Lou advises against using too broad a grip while performing pressing movements. He believes using a slightly wider than shoulder-width grip can deliver a ‘better stretch at the bottom and tighter contraction at the top.’
Ferrigno incorporates the dumbbell pullover in his chest training regimen as it stimulates the chest and back together, hitting the serratus and stretching the rib cage. He used relatively light weights for the exercise and did more reps.
|Flat or Incline Fly||4||10-12|
Lou Ferrigno Back Workout
Ferrigno advises using your hands and arms like hooks while training your back. To achieve optimal back stimulation, ensure you pull your elbows and contract your shoulder blades with each rep. Keep your chest lifted and pull with your back. If you feel a biceps pump while performing back exercises, lower the poundage and focus on driving through your elbows.
|Bent-Over Barbell Row||5||6-8|
Lou Ferrigno Shoulder Workout
Lou credits overhead presses for his boulder shoulders. He performed behind-the-neck and front barbell overhead presses in each deltoid workout. The Hulk did five sets of each exercise in his shoulder routine.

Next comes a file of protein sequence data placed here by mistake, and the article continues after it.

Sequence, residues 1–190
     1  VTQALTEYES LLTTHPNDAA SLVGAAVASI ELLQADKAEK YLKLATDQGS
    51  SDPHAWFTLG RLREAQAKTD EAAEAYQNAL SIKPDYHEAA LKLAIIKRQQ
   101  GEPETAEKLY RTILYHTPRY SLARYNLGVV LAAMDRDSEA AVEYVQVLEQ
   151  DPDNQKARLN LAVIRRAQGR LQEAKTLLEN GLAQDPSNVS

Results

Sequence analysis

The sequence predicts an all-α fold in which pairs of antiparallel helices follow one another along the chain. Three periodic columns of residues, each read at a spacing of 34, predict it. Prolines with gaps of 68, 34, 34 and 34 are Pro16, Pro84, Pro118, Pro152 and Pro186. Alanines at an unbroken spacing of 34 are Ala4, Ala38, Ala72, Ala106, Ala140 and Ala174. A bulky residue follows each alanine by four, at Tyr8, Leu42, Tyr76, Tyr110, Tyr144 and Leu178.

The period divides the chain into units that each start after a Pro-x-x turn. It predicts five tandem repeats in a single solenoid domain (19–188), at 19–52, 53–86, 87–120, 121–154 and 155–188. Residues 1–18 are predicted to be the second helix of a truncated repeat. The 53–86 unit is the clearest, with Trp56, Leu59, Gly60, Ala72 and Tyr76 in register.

Ferrigno prefers cable upright rows over barbell or dumbbell shrugs for his traps as it delivers a better pump. He raised his elbows as high as possible to achieve optimal muscle fiber stimulation.
While performing the dumbbell front raise, he moved the dumbbells up the center line of his body or slightly across.
Sometimes, Lou switched the dumbbell side lateral raise with the cable side lateral raise to achieve a better pump. He raised the handles well above shoulder level to attain a better range of motion.
|Dumbbell Side Lateral Raise||5||10-12|
|Dumbbell Front Raise||5||10-12|
|Dumbbell Bent-Over Rear Delt Fly||5||10-12|
|Cable Upright Row||5||10-12|
Lou Ferrigno Arm Workout
Ferrigno trains his biceps and triceps on the same day. The method worked for Lou as he had 23-inch arms in his prime. He started his training sessions with biceps and trained tris toward the end. The Hulk sometimes performed bis and tris supersets to annihilate his guns.
According to Lou, he had to work hard to build up his lower arms. He sometimes trained them thrice a week to ensure symmetry and proportions. The actors did wrist curls and reverse wrist curls to build thick forearms.
|Incline Dumbbell Curl||3-4||8-10|
|Machine Preacher Curl||4||8-10|
|Standing French Press||4||8-10|